A week after suggesting that he was OK with New York’s decision to legalize same-sex marriage, Texas Gov. Rick Perry clarified his position on the issue today by coming out strongly against marriage equality and saying he supports a federal constitutional amendment defining marriage as between one man and one woman.
Perry issued the clarification today in an interview with Family Research Council President Tony Perkins, during the anti-gay group’s radio show.
“I probably needed to add a few words after that ‘it’s fine with me’ — it’s fine with me that a state is using their sovereign rights to decide an issue,” Perry told Perkins. “Obviously gay marriage is not fine with me. My stance hasn’t changed. I believe marriage is the union of one man and one woman, and my record as governor of Texas reflects a very strong commitment to defending traditional marriage, including those efforts to pass the Texas Defense of Marriage Act, which — you were at some of those events where we were promoting the people of the state of Texas to go and defend traditional marriage. And I might add that it overwhelmingly was adopted by 75 percent of Texas voters. My comment reflects my recognition that marriage and most issues of the family have historically been decided by the people at the state and local level, and that is absolutely the state of law under our Constitution.”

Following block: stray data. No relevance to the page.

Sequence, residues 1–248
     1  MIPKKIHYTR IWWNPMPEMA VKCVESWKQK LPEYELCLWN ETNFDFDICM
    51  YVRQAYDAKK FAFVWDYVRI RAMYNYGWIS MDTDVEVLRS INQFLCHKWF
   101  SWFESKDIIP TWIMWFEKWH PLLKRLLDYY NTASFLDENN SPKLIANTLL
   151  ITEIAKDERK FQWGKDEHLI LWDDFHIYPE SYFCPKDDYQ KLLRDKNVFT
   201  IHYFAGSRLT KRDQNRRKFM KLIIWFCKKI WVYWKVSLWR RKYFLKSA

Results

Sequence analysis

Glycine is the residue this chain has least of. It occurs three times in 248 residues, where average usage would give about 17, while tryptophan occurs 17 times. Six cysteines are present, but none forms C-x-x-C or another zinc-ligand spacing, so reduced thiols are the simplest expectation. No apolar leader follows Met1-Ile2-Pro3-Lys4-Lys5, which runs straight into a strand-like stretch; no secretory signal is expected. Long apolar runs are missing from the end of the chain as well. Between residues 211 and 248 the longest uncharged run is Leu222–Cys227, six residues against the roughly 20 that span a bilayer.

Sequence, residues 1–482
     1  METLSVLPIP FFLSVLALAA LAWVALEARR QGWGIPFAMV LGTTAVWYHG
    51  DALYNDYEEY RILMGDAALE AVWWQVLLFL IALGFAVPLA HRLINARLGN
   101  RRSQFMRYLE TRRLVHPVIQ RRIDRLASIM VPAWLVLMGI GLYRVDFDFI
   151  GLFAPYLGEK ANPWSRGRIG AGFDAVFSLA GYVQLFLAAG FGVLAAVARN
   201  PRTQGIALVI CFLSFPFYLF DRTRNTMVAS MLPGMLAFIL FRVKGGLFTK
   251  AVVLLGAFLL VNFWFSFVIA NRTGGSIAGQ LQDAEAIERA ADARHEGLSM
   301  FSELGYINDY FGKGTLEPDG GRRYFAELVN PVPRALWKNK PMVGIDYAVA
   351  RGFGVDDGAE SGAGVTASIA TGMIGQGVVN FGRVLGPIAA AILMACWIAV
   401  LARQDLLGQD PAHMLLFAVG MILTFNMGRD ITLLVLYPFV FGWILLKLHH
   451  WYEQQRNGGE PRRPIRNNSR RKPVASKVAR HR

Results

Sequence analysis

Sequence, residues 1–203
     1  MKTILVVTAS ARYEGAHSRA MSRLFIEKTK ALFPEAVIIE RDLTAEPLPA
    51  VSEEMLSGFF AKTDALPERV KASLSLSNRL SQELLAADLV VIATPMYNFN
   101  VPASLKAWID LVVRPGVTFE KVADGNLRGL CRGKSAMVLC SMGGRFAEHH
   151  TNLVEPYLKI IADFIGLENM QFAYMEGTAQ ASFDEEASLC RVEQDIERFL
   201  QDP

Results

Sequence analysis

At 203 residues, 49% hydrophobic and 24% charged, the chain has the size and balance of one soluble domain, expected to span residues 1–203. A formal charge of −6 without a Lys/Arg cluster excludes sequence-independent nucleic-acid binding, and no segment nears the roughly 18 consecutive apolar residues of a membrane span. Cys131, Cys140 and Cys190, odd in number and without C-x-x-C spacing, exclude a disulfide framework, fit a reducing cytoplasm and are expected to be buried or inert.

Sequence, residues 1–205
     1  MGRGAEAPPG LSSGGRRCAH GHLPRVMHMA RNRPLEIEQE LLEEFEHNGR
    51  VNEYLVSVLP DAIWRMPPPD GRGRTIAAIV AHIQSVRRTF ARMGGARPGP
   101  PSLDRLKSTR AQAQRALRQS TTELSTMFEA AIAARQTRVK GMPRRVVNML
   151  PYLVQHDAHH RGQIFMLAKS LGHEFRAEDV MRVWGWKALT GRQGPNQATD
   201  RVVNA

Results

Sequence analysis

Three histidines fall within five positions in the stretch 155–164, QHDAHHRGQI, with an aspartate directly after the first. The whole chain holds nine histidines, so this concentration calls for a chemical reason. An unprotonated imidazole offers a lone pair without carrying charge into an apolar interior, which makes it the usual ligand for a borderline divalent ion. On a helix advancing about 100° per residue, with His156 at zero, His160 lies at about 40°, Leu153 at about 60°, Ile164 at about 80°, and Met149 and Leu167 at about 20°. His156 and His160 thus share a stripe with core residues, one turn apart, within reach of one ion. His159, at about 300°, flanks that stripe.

Perkins then asked Perry whether that wouldn’t lead to states like New York imposing same-sex marriage on Texas.
“Right, and that is the reason that the Federal Marriage Amendment is being offered,” Perry said. “It’s a small group of activist judges and frankly a small handful, if you will, of states and these liberal special interest groups that are intent on a redefinition, if you will, of marriage on the nation, for all of us, which I adamantly oppose. Indeed, to not pass the Federal Marriage Amendment, would impinge on Texas and other states’ right not to have marriage forced upon them by these activist judges and these special interest groups. Our Constitution was designed to respect states, including the amendment process.”
Last week, Perry told a group of GOP donors in Aspen, Colo.: “Our friends in New York six weeks ago passed a statute that said marriage can be between two people of the same sex. And you know what? That’s New York, and that’s their business, and that’s fine with me. That is their call. If you believe in the 10th Amendment, stay out of their business.”
Perry, a likely GOP presidential candidate, has been heavily criticized for those comments by social conservatives who don’t believe marriage should be left up to the states.
You can listen to audio of Perry’s follow-up statements today by going here.